The post that had the most comments in 2017 was a COTD, in fact: Comment of the Day: “Morning Ethics Warm-Up, 11/13/17: Rushing In Panic Around My Boston Hotel Room Because I Didn’t Get My Wake-Up Call Edition” with 324, among the most ever.

The author? Zoltar Speaks!

It’s just vanity and ego to worry about traffic fluctuations. I’m competitive by nature; it’s a flaw. I’d love Ethics Alarms to have sufficient name recognition and exposure to have a measurable influence in public discourse, but that’s always been unlikely, given the subject matter. What I should care most about, and do, when I’m being rational, is that the discussions here are uniformly of high quality, avoid the idiotic “Yeah, well what about Bush, you repug?” back and forth threads of most websites, and that there is a daily colloquy here that I can be proud to host. Besides, if Ethics Alarms were widely quoted, I’d have to put up with being called a “self-proclaimed ethicist” more often.

I also banned far fewer commenters this year than last year. That’s a good thing.

Next to the search engines and WordPress, the most referrals came through the Washington Post and the New York Times. The Althouse blog sent more readers here than any other blog, which is nice, especially since Ann still doesn’t bother to include me in her blogroll.

Not counting stand alone pages, like the About page and the Rationalizations List, the top viewed posts in 2017 were 1) the 2016 anti Snopes post; 2) the 2013 workplace ethics post, 3) “Wanetta Gibson is Worse Than I Thought” (2014); 4) the initial VW scandal post from 2015;  5) the 2015 post about ventriloquist Jeff Duham’s marital problems (Don’t ask me why; it’s a mystery); 6) the Listerine and alcoholics post from way back in 2010; 7) the Foundation for a Better Life post (2011); 8) The anti-“What Would You Do?” post, also from 2011, and it is depressing that the thing is still being broadcast; 9) finally a 2017 post, The Naked Teacher Principle, Ex-Porn Star Variation, and 10) also from last year, my take-down of Sally Yates.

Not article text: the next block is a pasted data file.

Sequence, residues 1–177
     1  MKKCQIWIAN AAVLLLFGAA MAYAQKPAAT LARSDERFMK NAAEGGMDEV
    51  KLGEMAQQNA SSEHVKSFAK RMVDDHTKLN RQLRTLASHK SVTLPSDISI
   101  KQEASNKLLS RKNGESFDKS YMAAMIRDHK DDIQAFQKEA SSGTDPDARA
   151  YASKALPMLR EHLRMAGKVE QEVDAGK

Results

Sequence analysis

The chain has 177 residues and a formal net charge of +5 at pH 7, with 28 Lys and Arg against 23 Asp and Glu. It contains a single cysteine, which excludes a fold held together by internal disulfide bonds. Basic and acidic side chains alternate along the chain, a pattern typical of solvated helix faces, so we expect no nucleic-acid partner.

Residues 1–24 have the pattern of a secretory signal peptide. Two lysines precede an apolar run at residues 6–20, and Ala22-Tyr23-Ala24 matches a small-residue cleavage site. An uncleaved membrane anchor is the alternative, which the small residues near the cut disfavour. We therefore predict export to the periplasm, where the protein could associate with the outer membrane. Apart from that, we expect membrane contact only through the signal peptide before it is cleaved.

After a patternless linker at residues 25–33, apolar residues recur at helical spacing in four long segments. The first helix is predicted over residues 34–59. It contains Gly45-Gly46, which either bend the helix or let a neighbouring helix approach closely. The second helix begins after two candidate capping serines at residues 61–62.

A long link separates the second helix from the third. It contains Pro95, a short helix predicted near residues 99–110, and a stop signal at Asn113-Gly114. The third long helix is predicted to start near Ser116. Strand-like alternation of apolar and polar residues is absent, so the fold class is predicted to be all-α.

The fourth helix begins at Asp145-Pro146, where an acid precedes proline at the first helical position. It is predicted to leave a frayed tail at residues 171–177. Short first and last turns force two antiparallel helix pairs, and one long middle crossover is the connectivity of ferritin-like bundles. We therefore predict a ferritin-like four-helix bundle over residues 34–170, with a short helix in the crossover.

That last was also the first politics-related post to turn-up on the list, which tells you something, though I’m not sure what. The Ethics Alarms post that I have most linked to in 2017 was buried deep on the list at 136: 2015’s, A Nation Of Assholes: The Ultimate, Undeniable And Crucial Reason Donald Trump Must Never Be President.

As in every year, I think, none of the posts that I thought were the most important or my best work were among the most read.

Thanks to all the readers and commenters who have made this past year a rewarding and challenging one.

Next year will be even better.

2. While you watch those Bowl games, think about this...College sports critic Mike McIntire explains the absurd status of big money in college sports in his article, “The College Sports Tax Dodge.” An excerpt: Continue reading

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Filed under Business & Commercial, Government & Politics, Journalism & Media, Research and Scholarship

California “Ethics”

California is not only rapidly exiting mainstream U.S. culture, it is forging its own distorted and unethical version of right and wrong.

Three alarming examples:

1. Forging ahead with single payer, and reality be damned.

The Sacramento Bee  pointed out that by replacing current state-run health programs with a single-payer system, the state would still need to come up with an additional $200 billion annually.This year’s state budget in California is about $180 billion. Yes, implementing a single-payer health care system would require doubling California’s current tax burden.

Oh, never mind! The state Senate voted 23 to 14 this month in favor of SB 562, a single-payer proposal that would guarantee universal health care to all Californians. “What we did today was really approve the concept of a single-payer system in California,” declared state Senator Ricardo Lara following the vote.